According to Ewart, Zink said the rising case counts mean it is a bad time to encourage groups to travel outside of their geographic region.

Ewart also said there was concern about what holiday travel could do to case counts. That is why all activities must be done by Thanksgiving and why activities likely will not start again until January.

The board is scheduled to meet again Nov. 9 and Ewart said the board will work on putting together a new activities calendar at that time.

Ewart, a former coach himself, said the decision to cancel fall state events and postpone winter activities was tough. The vote of the board was unanimous, though.

“I told my coaches, ‘I know as a coach you hate it and as a coach I don’t like it either,’” Ewart said. “But based on the information we have and what we know, we made the right decision.”

Last weekend, ASAA had staged cross-country and tennis championships, the first state events since the pandemic hit the state in March.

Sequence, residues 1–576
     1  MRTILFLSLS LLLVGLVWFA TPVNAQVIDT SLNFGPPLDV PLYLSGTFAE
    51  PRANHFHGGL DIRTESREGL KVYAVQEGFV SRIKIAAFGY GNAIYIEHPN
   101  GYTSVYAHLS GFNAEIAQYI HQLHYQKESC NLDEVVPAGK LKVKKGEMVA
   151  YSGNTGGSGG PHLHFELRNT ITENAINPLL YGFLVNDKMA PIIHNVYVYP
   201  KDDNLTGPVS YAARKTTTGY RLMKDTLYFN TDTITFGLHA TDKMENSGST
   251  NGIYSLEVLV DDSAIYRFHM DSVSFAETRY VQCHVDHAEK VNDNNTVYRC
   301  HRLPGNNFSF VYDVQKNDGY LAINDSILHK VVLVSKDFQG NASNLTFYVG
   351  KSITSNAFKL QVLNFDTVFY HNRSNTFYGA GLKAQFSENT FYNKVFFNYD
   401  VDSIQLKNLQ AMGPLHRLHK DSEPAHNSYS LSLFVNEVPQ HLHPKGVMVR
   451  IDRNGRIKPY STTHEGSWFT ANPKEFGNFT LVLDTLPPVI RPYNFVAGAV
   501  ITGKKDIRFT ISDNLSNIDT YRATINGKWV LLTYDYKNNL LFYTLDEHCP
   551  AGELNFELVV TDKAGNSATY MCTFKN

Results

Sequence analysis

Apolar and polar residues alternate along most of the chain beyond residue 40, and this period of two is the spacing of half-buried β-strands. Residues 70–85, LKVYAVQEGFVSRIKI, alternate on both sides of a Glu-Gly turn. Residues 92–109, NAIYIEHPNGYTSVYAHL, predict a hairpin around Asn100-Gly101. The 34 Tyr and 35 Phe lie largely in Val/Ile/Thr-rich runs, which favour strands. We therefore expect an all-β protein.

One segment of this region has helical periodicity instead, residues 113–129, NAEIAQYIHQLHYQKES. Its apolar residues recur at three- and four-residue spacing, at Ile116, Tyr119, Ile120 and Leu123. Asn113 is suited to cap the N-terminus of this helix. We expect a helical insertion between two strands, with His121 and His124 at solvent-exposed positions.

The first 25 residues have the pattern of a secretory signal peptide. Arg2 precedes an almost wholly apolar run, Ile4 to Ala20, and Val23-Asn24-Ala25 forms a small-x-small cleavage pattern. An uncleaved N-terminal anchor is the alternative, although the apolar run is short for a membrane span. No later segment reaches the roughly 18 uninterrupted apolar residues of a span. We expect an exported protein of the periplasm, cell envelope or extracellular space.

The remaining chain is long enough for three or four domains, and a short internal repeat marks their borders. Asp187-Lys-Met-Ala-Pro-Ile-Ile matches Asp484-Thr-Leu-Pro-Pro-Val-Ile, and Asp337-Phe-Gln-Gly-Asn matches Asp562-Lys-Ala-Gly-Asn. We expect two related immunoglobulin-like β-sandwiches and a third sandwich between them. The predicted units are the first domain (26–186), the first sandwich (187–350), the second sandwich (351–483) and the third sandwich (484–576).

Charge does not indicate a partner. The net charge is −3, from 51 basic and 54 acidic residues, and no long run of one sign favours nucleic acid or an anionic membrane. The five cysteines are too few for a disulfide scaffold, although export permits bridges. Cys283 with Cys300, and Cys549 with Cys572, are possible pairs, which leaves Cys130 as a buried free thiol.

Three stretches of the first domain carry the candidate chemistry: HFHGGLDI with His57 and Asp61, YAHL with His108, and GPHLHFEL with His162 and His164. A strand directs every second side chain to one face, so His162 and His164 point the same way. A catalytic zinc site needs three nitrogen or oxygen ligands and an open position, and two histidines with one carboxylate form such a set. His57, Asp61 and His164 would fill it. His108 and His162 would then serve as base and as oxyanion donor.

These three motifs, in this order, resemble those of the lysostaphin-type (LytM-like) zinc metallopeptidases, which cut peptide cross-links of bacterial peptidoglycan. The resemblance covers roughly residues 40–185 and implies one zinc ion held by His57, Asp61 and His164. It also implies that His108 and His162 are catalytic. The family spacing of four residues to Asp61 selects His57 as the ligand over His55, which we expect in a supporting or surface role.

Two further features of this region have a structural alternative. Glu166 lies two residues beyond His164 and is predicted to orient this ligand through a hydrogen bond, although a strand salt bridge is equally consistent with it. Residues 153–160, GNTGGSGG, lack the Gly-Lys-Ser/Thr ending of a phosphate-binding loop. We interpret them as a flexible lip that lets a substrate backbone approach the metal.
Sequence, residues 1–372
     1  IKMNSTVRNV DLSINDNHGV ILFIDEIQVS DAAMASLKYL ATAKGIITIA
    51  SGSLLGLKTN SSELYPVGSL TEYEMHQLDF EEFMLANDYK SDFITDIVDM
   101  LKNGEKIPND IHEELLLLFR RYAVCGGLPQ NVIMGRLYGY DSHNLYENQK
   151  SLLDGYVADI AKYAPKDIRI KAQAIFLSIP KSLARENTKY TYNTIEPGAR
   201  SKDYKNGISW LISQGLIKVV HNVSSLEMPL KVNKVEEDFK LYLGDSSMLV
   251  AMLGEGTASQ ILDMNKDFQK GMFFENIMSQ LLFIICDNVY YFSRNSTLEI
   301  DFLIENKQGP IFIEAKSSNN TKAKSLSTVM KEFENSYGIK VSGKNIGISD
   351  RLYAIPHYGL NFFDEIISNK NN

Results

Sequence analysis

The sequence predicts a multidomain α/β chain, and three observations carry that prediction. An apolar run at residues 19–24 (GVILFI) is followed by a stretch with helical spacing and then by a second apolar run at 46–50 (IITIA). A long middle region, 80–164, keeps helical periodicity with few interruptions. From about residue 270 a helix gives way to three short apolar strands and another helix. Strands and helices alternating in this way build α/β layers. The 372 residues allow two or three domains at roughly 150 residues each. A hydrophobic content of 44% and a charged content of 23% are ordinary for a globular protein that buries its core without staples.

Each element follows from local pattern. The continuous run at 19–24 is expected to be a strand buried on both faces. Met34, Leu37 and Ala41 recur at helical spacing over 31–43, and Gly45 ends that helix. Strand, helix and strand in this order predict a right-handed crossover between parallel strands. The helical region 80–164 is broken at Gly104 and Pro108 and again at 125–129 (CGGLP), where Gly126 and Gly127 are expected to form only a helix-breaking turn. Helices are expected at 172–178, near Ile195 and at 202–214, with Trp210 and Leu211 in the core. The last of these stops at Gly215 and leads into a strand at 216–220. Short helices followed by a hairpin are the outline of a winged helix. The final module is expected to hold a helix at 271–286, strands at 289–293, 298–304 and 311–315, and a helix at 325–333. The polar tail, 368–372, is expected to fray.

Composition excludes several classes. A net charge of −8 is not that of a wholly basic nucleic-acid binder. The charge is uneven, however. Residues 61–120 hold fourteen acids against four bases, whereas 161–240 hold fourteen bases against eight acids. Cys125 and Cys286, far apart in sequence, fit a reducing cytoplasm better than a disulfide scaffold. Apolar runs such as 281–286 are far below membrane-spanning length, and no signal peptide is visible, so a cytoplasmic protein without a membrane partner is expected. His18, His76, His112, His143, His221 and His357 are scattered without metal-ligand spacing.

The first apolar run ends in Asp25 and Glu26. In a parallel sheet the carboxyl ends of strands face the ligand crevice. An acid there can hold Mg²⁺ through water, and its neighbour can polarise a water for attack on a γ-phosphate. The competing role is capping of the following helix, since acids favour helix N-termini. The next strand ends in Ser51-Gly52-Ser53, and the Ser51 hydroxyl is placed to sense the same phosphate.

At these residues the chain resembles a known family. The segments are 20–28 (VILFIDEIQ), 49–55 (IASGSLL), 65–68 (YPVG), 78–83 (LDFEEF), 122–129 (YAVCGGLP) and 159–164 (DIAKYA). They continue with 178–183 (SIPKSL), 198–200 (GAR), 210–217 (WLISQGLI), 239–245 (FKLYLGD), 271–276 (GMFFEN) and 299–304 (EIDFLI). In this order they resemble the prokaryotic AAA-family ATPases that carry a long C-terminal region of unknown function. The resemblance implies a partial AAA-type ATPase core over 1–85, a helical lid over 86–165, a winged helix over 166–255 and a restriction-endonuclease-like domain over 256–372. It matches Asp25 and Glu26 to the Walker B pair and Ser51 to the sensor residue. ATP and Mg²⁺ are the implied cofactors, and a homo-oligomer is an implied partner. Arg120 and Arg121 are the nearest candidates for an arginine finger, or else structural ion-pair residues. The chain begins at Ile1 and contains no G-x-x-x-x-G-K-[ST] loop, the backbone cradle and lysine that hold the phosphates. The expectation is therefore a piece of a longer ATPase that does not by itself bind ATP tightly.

More in News

File
Seward face covering mandate goes into effect Wednesday

It remains in effect for 30 days or until the declaration of emergency expires and is not renewed

COVID-19. (Image courtesy CDC)
13 COVID deaths announced, 3 on peninsula

DHSS reported 583 new cases in Alaska on Tuesday

Image via Kenai Peninsula Borough School District
District extends remote learning through Dec. 18 for 34 schools

Dec. 18 is the end of the quarter for most district schools

AP Photo/Matt Slocum, File
In this Tuesday, Nov. 17 file photo, manager Yllka Murati waits for a delivery driver to pick up takeout orders behind a partition displaying a sign to remind customers to wear a mask, at the Penrose Diner, in south Philadelphia. Despite the expected arrival of COVID-19 vaccines in just a few weeks, it could take several months — probably well into 2021 — before things get back to something close to normal in the U.S. and Americans can once again go to the movies, cheer at an NBA game or give Grandma a hug.